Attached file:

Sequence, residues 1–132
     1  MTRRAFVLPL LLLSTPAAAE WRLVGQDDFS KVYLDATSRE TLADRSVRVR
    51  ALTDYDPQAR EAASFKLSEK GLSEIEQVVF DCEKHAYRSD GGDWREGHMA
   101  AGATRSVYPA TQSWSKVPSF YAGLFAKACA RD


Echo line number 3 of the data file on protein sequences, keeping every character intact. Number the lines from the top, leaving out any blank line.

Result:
    51  ALTDYDPQAR EAASFKLSEK GLSEIEQVVF DCEKHAYRSD GGDWREGHMA